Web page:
Life, Love and Impact
Courtesy of Deborah Tryon, Financial Advisor
Family can be a source of nurture, inspiration and companionship. Family can also be the source of our deepest worries and concerns. After ensuring your financial house is in order, it may be time for you to answer the question, “If you could make the world better in one significant way, what would it be?”
With great wealth, comes great opportunity. Americans donated an estimated $358.38 billion to charity in 2014.1 As your assets grow, so does your ability to create change for the people, institutions and causes that are near and dear to your heart. Studies completed by the Women Philanthropy Institute found that the wealthiest American women over age 50 are more likely to give 3% or more of their income to charity than their male peers – those same women give 156% more to charity than affluent men.2
Some questions you may want to consider when setting a philanthropic strategy within your estate plan include:
- How will I decide on my giving goals and approach?
- How will I choose which organizations to support or which social impact businesses to invest in?
- How will philanthropic dollars be invested and how much will be dispersed?
- Who will be involved in the decision-making?
- How will I make sure this legacy lives on even after I’m gone?
A good starting point to consider will be on focusing your ambitions. More often than not you may find yourself with too many great ideas; start off by figuring out “What do I want to accomplish?” To help you reach a decision, sort your objectives into four categories:
- Core: The area or areas where your primary passions lie
- Discretionary: The causes you support at the behest of others
- Emergency: Temporary, reactive causes (i.e., disaster relief)
- Other causes outside your core interests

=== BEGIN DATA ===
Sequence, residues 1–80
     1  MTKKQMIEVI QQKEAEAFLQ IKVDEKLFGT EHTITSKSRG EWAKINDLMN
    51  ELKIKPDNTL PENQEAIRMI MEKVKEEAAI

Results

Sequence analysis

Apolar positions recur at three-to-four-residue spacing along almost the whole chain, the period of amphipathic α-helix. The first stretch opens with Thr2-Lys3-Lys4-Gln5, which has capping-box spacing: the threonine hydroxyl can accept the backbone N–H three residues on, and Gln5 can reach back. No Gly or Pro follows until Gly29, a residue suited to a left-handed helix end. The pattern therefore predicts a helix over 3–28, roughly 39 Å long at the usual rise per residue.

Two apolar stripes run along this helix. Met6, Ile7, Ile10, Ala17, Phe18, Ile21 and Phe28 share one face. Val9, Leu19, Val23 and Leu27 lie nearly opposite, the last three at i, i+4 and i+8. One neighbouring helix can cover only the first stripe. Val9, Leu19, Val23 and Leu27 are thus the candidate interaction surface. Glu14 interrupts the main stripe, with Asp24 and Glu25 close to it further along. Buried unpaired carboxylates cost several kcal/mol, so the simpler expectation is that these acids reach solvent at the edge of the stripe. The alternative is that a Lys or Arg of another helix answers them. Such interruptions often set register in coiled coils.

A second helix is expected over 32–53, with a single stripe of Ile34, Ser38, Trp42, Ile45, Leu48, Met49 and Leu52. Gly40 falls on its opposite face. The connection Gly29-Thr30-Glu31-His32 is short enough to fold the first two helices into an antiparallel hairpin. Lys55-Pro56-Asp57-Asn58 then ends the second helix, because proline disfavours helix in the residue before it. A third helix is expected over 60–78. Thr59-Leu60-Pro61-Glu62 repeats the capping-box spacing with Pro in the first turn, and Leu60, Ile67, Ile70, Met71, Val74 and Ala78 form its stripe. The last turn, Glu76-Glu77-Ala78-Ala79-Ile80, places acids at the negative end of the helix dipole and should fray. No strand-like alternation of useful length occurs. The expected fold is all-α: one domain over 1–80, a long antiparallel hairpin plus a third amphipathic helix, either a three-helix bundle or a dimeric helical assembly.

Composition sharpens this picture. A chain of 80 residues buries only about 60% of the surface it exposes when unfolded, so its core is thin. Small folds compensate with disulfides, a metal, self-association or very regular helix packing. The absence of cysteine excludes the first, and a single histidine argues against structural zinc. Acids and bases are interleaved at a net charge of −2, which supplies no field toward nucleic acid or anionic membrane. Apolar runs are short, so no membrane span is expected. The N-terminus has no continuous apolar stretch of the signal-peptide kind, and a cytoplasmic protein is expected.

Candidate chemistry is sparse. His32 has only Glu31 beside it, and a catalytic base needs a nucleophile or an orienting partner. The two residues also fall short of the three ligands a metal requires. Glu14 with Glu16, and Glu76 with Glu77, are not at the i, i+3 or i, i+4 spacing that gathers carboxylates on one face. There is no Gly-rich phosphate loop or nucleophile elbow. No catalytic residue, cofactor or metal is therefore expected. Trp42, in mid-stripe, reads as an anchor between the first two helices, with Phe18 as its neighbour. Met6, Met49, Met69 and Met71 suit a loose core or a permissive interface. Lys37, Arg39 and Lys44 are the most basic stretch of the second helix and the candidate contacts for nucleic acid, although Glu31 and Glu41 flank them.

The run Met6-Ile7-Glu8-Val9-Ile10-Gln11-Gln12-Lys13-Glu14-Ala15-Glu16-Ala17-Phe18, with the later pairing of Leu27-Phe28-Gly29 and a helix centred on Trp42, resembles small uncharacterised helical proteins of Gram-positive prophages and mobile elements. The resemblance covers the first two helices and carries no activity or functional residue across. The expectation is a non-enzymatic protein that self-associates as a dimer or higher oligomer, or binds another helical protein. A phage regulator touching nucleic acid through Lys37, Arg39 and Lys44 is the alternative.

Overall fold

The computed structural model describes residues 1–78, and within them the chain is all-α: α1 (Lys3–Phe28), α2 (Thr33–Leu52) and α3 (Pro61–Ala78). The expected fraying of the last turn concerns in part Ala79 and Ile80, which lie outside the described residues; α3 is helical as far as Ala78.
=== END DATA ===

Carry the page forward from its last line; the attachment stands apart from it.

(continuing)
Once you’ve set your goals, develop your philanthropic mission statement and put it on paper. Having a clear and concise message will set guidelines and boundaries for family members and friends who want to get involved. Take action and track your progress by identifying your patterns of giving. Only then will you be able to gauge how well your current actions are aligned with your stated goals and mission.
To help increase your effectiveness throughout your giving journey there are several tools you may want to incorporate into your comprehensive wealth plan:
- Charitable Remainder Trusts: Allow you to provide for both a non-charitable recipient (such as yourself) and a valued cause.
- Charitable Lead Trusts: Beneficiaries are paid only after income is granted to a specified cause or organization.
- Private Foundations: A trust or nonprofit corporation usually funded by a small group of individuals.
Whether you have a well-formed vision of the change you would like to effect or you are just beginning to explore your philanthropic ambitions remember, as Mahatma Gandhi once said, “Be the change that you wish to see in the world.”
Deborah Tryon is a financial advisor with the Dewing-Tryon Group at Morgan Stanley in Palm Desert and can be reached at (760) 776.6227. CA license 0H8751.
References: 1) The Annual Report on Philanthropy for the Year 2014, Giving USA, 2015; 2) Women Take an Activist Path to Philanthropy, The Chronicle of Philanthropy, 2013
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